For example, Deloitte — a private company — launched a Mental Health at Work campaign. That program includes Mental Health First Aid training and educational opportunities. Other companies have created more holistic mental health initiatives by providing resources in stress management, fitness and wellness, and financial budgeting. And some other firms are providing employees and immediate family members confidential counseling services 24/7.
The pandemic has exacerbated the challenge, and also accelerated certain solutions
The pandemic has brought mental health care into even greater focus for employers. This is well justified as the pandemic has exacerbated the challenges of mental illness. A June 2020 CDC survey found that more than 40% of respondents reported an adverse mental health condition (31% from depression or anxiety). This compares with about 10% prevalence of depression and anxiety pre-pandemic.
Source: CDC Morbidity and Mortality Weekly Report, Vol. 69, No. 32, August 14, 2020.
In response, some large companies have expanded online resources to improve mental, physical, and emotional health. Other firms have focused on supporting employees during remote work. Salesforce.com has shared resources on emotional health and provided face-to-face video counseling. Salesforce.com chief executive office Marc Benioff has publicly stated this is a key priority. Walmart is increasing mental health resources available to employees, including free counseling sessions. The company is also expanding access to low cost ($1 per minute) counseling for customers at many of its new health clinics. The expansion of these clinics in existing Walmart locations could lead to better access to mental health care, especially in rural communities.
Certain smaller companies are also leading the way in mental health support. Etsy — an online marketplace for unique and creative goods — has provided unlimited mental health days as part of its unlimited sick leave and its unlimited coaching and therapy sessions for employees.
The pandemic has also accelerated the adoption of telemedicine, supported by various regulatory changes. Telemedicine is one potential solution that can help facilitate lower cost and more convenient interactions between patients and their providers. This could help remove several key barriers to mental health treatment.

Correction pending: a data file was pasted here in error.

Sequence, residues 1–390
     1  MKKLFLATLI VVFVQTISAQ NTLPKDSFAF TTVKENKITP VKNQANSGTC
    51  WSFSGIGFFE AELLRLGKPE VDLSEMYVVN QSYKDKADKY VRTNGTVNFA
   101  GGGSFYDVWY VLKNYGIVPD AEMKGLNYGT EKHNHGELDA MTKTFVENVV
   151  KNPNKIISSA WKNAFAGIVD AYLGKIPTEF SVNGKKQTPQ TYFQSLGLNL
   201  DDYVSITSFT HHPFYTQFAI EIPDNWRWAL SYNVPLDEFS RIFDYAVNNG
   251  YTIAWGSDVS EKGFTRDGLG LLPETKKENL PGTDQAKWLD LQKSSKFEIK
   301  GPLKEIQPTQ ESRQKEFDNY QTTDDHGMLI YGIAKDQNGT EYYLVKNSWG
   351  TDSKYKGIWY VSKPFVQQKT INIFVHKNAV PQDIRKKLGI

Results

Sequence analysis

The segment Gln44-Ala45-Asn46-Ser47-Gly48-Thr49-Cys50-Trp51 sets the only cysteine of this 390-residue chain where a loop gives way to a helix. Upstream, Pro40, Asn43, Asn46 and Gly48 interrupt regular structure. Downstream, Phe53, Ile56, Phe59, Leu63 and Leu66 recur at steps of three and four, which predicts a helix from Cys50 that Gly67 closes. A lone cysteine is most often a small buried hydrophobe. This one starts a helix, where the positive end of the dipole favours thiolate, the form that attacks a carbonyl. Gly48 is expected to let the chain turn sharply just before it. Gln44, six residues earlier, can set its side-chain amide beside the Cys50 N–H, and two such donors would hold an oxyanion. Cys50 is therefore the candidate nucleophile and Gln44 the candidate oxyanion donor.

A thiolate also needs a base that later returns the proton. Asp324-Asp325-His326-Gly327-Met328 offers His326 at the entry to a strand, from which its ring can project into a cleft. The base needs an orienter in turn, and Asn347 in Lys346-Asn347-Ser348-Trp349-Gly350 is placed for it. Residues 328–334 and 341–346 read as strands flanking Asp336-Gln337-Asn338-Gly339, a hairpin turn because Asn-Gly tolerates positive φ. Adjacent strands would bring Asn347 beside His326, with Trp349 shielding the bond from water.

The COVID-19 pandemic has brought mental health care even more into focus for employers.
We expect some of these recent changes and solutions to result in longer-term shifts and opportunities for employees and employers. Investors have the opportunity to identify leadership and solutions that could lead to improved long-term business prospects alongside the essential human benefits of improved mental health.
As of 12/31/20, Deloitte was not a holding of the Sustainable Future and Sustainable Leaders strategies; Etsy accounted for 0.90% and 0.77% of the Sustainable Future and Sustainable Leaders strategies, respectively; Salesforce accounted for 0.76% and 0.46% of the Sustainable Future and Sustainable Leaders strategies, respectively; and Walmart accounted for 1.74%, of the Sustainable Leaders strategy and was not a holding in the Sustainable Future strategy.
This material is not intended to be relied upon as a forecast, research, or investment advice, and is not a recommendation, offer, or solicitation to buy or sell any securities or to adopt any investment strategy. The companies mentioned above are intended solely to help illustrate how mental health and employer responses to mental health may potentially impact human and economic prospects. It should not be assumed that an investment in the companies identified was or will be profitable. As with any investment, there is a potential for profit as well as the possibility of loss. Holdings are for a representative account and are shown for illustrative purposes only. Each account is managed individually. Accordingly, account characteristics may vary. The inclusion of holdings information should not be interpreted as a recommendation to buy or sell or hold any security. The securities identified do not represent all the securities purchased, sold, or recommended for client accounts.